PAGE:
Divine Multiplicity: Trinities, Diversities, and the Nature of Relation

Divine Multiplicity: Trinities, Diversities, and the Nature of Relation

Divine Multiplicity: Trinities, Diversities, and the Nature of Relation

Divine Multiplicity: Trinities, Diversities, and the Nature of Relation


The essays in this volume ask if and how trinitarian and pluralist discourses can enter into fruitful conversation with one another. Can trinitarian conceptions of divine multiplicity open the Christian tradition to more creative and affirming visions of creaturely identities, difference, and relationality including the specific difference of religious plurality? Where might the triadic patterning evident in the Christian theological tradition have always exceeded the boundaries of Christian thought and experience? Can this help us to inhabit other religious traditions' conceptions of divine and/or creaturely reality? The volume also interrogates the possibilities of various discourses on pluralism by putting them in a concrete pluralist context and asking to what extent pluralist discourse can collect within itself a convergent diversity of orthodox, heterodox, postcolonial, process, poststructuralist, liberationist, and feminist sensibilities while avoiding irruptions ofconflict, competition, or the logic of mutual exclusion.


Chris Boesel and S. Wesley Ariarajah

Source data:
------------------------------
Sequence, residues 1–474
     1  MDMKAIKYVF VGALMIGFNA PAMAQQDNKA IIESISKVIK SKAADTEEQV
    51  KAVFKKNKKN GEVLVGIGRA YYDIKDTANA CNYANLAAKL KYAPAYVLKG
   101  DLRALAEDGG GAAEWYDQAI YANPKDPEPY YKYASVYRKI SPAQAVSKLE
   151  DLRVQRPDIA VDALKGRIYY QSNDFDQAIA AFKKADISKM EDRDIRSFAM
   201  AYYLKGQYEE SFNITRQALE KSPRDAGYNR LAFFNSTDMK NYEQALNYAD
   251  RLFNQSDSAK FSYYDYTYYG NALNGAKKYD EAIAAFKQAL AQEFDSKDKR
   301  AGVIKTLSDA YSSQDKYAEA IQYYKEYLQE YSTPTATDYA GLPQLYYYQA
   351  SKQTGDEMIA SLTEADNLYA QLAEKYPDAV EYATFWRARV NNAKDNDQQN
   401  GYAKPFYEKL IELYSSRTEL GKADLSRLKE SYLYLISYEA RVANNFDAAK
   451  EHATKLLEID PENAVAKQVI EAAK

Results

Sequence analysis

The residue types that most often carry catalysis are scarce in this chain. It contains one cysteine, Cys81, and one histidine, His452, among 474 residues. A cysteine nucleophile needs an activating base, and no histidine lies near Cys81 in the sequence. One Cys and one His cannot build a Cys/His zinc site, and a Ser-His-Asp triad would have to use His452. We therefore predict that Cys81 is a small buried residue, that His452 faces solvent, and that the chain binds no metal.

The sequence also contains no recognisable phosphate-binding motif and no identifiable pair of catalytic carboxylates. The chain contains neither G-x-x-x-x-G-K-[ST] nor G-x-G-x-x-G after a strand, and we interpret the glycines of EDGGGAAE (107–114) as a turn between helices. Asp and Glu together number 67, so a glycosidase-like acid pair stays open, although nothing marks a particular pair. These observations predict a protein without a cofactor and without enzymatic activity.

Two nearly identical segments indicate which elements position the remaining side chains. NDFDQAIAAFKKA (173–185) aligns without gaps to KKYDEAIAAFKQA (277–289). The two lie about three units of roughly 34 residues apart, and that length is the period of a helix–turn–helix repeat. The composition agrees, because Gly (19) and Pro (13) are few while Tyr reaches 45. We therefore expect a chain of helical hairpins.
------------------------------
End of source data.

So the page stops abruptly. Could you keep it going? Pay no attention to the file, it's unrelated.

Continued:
This collection of essays is the result of work undertaken on the occasion of Drew Theological School’s tenth annual Transdisciplinary Theological Colloquium. Each fall, since the turn of the millennium, a relatively small cohort of scholars working in and around the fields of religion and theology have been invited to engage a specific theological theme of current interest. the object of the series is to bring together thinkers from a variety of disciplines who share a cluster of interests: a commitment to interrogating the ethical impulses and material effects of theological and religious discourse; an appreciation for the always surprising complexity of theological and religious traditions; and an interest in contemporary theoretical approaches to scholarship (such as postmodern, postcolonial and liberationist methodologies). This introductory chapter outlines the issues and questions that the scholars invited to Drew for the tenth annual colloquium were asked to reflect on and engage from their own concerns and commitments within their various disciplinary locations. Our hope is to provide sufficient context for the theological, ethical, and disciplinary issues and stakes involved in these essays to emerge in all their dicey yet promising complexity.

Divine multiplicity and the nature of relation

The contributors to this volume were asked to think, write, and talk about plurality and diversity as they pertain to the nature of divinity and/or ultimate reality. What are the possible grounds—philosophical, theological, ethical—for conceiving (or not conceiving) of divinity, or ultimate reality . . .

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